Signaling pathways for induction of platelet aggregation by sas tongue cancer cells - A mechanism of hematogenous metastasis

Mei Chi Chang, Chiu Po Chan, Yuan Soon Ho, Jang Jaer Lee, Po Shuen Lin, Bor Ru Lin, Ya Ling Huang, Liang Jiunn Hahn, Hung Wei Yeh, Ying Jan Wang, Jiiang Huei Jeng

Research output: Contribution to journalArticlepeer-review

7 Citations (Scopus)


Background: Tongue cancer metastasis is mainly through blood stream and possibly associated with tumor cell-induced platelet aggregation (TCIPA). Methods: Platelet aggregation was induced by different amounts of SAS tongue cancer cells with/without inhibitors and the latent period for induction of platelet aggregation was recorded. Gene expression was analyzed by reverse transcriptase-polymerase chain reaction. Results: SAS cells (4 × 10 4 to 1 × 10 6 cells/ml) induced platelet aggregation in a cell density-dependent manner. The latent period for induction of platelet aggregation reduced from 11.3 min (2 × 10 5 cells/ml) to 0.9 min (5 × 10 5 cells/ml). The extent of platelet aggregation increased from 39% to 76% by 2 × 10 5 and 5 × 10 5 SAS cells. Pre-treatment of SAS cells with aspirin showed little effect on its induction of platelet aggregation. SAS cells expressed tissue factor (TF) mRNA and the SAS cells-induced TCIPA was inhibited by TF neutralization antibody (5-20 μg/ml), heparin (5-10 U/ml), Hirudin fragment 54-65 (50 μg/ml) and D-Phenylalanyl-L-prolyl-L-arginine chloromethyl ketone. But areca nut (AN, a betel quid component known to generate reactive oxygen species (ROS)) extract showed little effect on TF expression in SAS cells. Pre-treatment with U73122 and 2-aminoethoxydiphenylborate inhibited SAS-induced TCIPA. Interestingly, catalase suppressed SAS cells-induced TCIPA, whereas AN extract enhanced this event. Conclusions: These results suggest that tongue cancer cells may induce TCIPA and enhance tumor metastasis. SAS-induced TCIPA is related to TF secretion, thrombin generation and associated with Phospholipase C-Inositol triphosphate signaling and ROS production. Betel quid chewing may potentially promote tongue cancer metastasis.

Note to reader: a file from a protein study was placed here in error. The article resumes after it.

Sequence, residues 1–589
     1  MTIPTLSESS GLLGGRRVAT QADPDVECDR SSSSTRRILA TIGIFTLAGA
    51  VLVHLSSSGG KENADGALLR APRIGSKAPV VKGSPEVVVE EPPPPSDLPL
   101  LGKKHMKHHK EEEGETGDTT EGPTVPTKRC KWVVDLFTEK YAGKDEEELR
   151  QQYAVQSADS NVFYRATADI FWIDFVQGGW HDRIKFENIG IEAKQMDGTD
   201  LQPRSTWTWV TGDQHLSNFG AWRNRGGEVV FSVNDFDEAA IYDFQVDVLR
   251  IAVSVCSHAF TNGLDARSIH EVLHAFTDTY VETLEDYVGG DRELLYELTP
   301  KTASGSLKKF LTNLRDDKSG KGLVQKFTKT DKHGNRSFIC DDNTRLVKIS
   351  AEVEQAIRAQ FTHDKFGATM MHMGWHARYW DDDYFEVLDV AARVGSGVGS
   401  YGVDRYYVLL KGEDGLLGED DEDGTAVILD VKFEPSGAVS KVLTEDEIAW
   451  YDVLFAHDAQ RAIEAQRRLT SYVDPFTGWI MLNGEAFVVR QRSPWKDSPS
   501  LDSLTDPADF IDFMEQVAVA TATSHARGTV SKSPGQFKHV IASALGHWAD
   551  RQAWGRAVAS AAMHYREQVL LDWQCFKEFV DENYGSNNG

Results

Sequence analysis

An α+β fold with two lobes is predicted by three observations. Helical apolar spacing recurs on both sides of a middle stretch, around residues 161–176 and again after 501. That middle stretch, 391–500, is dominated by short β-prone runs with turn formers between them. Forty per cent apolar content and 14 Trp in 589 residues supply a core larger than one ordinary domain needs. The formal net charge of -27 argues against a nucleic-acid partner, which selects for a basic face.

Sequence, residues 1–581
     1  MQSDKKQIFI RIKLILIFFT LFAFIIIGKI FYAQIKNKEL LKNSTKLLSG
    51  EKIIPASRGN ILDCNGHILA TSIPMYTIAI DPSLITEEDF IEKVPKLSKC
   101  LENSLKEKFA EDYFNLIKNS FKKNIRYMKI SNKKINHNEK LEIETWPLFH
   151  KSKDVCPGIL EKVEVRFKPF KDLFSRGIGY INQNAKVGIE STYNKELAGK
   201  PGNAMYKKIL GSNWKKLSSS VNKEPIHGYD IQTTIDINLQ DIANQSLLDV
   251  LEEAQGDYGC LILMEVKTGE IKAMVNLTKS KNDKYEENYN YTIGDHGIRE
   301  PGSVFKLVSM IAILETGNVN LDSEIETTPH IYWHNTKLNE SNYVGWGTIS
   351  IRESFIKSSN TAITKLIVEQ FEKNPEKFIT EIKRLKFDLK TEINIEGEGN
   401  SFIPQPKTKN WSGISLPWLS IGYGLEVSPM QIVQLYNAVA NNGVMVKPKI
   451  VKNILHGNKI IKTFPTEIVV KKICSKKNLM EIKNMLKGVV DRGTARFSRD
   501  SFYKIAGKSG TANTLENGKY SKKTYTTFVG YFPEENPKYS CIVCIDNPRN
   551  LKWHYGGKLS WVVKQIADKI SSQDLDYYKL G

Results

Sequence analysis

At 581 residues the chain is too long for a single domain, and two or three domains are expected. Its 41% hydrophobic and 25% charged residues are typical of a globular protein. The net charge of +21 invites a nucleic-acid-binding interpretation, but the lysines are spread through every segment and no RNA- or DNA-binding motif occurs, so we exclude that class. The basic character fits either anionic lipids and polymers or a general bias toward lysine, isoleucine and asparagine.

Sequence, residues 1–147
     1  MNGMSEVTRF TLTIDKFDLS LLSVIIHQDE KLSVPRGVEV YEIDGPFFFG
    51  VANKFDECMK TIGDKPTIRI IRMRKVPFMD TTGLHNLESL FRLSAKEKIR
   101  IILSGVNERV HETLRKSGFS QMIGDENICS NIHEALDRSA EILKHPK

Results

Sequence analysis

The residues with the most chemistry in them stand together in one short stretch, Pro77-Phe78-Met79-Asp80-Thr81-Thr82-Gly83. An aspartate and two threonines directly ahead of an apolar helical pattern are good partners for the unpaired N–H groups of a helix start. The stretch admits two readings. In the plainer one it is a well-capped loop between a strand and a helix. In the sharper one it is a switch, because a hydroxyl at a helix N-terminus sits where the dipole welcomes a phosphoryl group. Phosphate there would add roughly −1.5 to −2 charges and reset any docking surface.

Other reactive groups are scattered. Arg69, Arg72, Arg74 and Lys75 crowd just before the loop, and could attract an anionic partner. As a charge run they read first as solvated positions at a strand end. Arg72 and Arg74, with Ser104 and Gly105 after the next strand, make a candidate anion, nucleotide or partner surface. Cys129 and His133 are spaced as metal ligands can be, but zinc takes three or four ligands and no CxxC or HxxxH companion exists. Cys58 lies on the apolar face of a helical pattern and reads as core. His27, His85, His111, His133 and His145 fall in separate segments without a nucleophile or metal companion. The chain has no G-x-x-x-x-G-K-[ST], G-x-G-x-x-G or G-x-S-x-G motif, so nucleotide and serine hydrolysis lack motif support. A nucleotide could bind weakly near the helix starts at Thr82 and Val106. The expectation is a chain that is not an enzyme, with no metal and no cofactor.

Original languageEnglish
Pages (from-to)434-440
Number of pages7
JournalJournal of Oral Pathology and Medicine
Issue number5
Publication statusPublished - May 2009


  • Areca nut
  • Reactive oxygen species
  • Tissue factor
  • Tumor cells-induced platelet aggregation
  • Tumor metastasis

ASJC Scopus subject areas

  • Cancer Research
  • Pathology and Forensic Medicine
  • Otorhinolaryngology
  • Oral Surgery
  • Periodontics


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